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I am considering investing some money in shares and since I do not at all a specialist, I wanted to do this on ETFs that would be aligned with some large indexes (iShares Europe for instance).

My understanding is that this is a rather conservative choice, yet such ETFs are rated 6 in the Risk and Reward Profiles. This is one point short of the maximum risk.

Why is it so? I was expecting that "I go along the average changes in the economy" would be rated less risky.

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  • Rated by who? An EFT tracking an index should be somewhere near the behavior of that index. Of course if you want to track the economy (of which country, or do you mean internationally?), no one index does that as far as I know; the usual solution is to determine a mix of index funds which covers the distribution you think will have the desired behaviors. ALSO: Note that EFTs vary widely, so there is no single rating consideration for all EFTs and your question should be rephrased.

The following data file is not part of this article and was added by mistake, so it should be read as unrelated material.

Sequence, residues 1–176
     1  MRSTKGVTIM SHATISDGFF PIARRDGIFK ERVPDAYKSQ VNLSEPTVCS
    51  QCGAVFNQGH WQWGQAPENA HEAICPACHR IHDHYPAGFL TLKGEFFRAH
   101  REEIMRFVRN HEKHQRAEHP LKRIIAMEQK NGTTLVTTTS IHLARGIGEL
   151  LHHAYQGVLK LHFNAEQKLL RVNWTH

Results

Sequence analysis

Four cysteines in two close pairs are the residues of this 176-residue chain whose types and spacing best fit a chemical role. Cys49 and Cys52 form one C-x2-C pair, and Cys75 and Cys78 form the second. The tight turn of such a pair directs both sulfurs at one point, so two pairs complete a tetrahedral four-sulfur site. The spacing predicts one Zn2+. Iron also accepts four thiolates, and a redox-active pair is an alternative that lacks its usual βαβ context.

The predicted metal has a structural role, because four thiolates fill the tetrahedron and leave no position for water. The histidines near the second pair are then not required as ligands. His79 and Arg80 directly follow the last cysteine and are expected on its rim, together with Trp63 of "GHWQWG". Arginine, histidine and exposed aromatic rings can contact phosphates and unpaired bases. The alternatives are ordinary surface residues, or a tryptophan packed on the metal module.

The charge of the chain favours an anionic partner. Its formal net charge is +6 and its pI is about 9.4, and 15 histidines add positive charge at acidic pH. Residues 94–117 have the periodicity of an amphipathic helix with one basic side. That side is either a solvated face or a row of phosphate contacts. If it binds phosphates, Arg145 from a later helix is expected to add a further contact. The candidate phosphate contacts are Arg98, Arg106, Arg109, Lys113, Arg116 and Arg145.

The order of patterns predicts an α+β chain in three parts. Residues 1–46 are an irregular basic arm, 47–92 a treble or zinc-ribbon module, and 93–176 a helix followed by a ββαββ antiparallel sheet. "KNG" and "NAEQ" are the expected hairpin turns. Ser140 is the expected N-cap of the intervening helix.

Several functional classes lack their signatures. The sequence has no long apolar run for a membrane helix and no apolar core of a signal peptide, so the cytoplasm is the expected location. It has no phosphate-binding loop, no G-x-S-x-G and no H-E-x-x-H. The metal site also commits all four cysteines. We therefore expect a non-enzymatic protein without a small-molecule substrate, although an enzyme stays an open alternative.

– keshlam
    Nov 27, 2022 at 20:53

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Per the iShares prospectus that you linked to:

The Share Class is rated six due to the nature of its investments which include the risks listed below. These factors may impact the value of the Share Class or expose the Share Class to losses.

The value of equities and equity-related securities can be affected by daily stock market movements. Other influential factors include political, economic news, company earnings and significant corporate events.

ETFs might be less risky than single name stocks but equity ETFs and indices are still fairly volatile (the S&P 500 moved +/-5% on some days this year) and can incur substantial losses (-30% YTD at some point.)

Compare this to bond and money market funds, or even principal protected notes and you can guess why it's rated 6 out of 7 on iShares' proprietary risk/reward scale.

Growth vs value (dividends) would be another consideration as well as FX exposure.

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